In a few weeks, Monsanto will go on trial again. And when it does, the pesticide-maker won’t be able to suppress evidence that the company ghostwrote scientific studies and otherwise tried to influence scientists and regulators in an attempt to hide the potential health risks of its flagship product, Roundup weedkiller.
This week, U.S. District Judge Vince Chhabria, the federal judge in San Francisco overseeing 620 cases involving Monsanto’s Roundup weedkiller and cancer victims, ruled that the evidence could be introduced in the upcoming trial. According to a Reuters report, Chhabria said the documents were “super relevant.”
Chhabria’s ruling almost guarantees that the documents in question will play a role when, on February 25, a jury in San Francisco Federal Court, begins hearing the case of Edwin Hardeman vs. Monsanto. Hardeman alleges that Roundup caused his non-Hodgkin lymphoma cancer.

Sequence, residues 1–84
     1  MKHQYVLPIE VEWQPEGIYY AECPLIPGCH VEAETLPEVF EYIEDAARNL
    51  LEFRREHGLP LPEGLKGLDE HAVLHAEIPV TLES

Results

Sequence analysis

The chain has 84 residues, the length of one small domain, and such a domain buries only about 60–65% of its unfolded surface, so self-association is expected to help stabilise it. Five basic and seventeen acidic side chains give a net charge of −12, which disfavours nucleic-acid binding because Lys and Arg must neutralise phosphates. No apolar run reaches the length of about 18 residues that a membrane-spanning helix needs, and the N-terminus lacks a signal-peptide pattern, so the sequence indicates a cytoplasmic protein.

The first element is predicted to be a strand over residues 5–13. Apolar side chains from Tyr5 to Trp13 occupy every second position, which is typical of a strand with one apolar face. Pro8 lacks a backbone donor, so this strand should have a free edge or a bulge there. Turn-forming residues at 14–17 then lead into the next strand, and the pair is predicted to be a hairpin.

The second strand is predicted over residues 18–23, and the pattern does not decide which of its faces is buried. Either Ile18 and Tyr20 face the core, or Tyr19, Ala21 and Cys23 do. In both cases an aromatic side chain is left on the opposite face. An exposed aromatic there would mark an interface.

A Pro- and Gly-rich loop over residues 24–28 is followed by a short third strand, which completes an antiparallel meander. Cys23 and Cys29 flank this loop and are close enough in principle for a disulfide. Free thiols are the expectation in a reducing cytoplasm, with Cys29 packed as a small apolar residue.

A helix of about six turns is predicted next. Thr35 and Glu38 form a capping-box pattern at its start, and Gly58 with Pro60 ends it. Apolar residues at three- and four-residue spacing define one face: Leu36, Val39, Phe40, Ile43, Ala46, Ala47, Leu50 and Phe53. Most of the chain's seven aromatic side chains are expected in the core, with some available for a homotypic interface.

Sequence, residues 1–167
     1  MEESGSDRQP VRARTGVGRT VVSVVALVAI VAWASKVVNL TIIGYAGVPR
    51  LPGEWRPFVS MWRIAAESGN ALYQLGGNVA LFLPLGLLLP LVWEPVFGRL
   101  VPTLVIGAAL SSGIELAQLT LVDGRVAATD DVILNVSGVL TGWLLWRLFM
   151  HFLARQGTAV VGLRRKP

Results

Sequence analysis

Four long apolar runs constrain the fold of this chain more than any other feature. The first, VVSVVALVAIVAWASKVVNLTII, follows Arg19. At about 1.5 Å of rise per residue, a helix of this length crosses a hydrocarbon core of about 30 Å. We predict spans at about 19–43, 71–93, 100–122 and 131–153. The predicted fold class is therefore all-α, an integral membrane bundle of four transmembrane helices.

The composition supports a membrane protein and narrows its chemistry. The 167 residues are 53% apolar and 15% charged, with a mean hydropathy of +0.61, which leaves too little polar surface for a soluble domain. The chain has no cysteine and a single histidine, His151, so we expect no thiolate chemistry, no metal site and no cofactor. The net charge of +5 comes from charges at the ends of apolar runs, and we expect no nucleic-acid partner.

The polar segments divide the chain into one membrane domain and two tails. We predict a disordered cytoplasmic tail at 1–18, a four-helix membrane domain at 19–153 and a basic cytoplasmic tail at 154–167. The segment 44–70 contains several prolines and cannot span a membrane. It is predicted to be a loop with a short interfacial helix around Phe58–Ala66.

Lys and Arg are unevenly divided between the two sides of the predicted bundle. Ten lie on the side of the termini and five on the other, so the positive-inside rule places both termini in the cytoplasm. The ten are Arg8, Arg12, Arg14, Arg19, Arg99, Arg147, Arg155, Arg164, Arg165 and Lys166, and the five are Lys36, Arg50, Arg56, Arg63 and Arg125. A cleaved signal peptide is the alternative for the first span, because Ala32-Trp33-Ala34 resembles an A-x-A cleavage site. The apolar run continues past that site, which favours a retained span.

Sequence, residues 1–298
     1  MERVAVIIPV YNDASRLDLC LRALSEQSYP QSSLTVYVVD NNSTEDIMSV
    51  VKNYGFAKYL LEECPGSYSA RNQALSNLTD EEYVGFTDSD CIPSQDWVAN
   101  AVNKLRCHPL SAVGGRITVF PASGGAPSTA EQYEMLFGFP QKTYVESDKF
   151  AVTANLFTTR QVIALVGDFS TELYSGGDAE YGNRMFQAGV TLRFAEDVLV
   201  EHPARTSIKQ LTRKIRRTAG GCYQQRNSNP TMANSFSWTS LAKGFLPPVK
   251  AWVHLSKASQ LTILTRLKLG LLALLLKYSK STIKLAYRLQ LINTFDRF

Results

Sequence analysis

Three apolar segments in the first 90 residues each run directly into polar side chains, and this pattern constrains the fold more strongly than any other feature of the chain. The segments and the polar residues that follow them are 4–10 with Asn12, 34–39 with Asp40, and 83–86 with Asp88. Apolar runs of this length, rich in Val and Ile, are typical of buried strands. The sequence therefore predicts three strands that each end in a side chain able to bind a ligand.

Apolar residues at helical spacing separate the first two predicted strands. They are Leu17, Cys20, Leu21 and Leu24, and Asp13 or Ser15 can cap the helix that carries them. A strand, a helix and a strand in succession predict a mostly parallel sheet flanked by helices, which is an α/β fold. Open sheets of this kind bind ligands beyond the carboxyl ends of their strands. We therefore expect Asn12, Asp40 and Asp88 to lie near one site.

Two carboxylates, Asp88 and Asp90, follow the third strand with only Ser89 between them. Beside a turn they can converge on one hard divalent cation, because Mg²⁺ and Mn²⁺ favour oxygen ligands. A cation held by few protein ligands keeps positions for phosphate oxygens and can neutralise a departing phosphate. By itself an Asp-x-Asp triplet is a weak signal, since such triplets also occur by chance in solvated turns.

Hardeman’s case follows the August 10, 2018, $289-million judgment (later reduced to $78 million) awarded to DeWayne “Lee” Johnson, a former school groundskeeper who also sued Monsanto for causing his non-Hodgkin lymphoma. Monsanto’s appeal of the $78-million judgment is still pending.
There are more than 9,000 claims pending against Monsanto in state courts, about 620 awaiting trial in federal court. Reuters reported in November that Hardeman’s case was selected as “a so-called bellwether, or test trial, frequently used in U.S. product liability mass litigation to help both sides gauge the range of damages and define settlement options.”
Bayer CEO Werner Baumann called the lawsuits "nuisances." But the company’s stock took a big hit after the jury sided with Johnson, so shareholders probably aren’t thrilled with Chhabria’s ruling this week.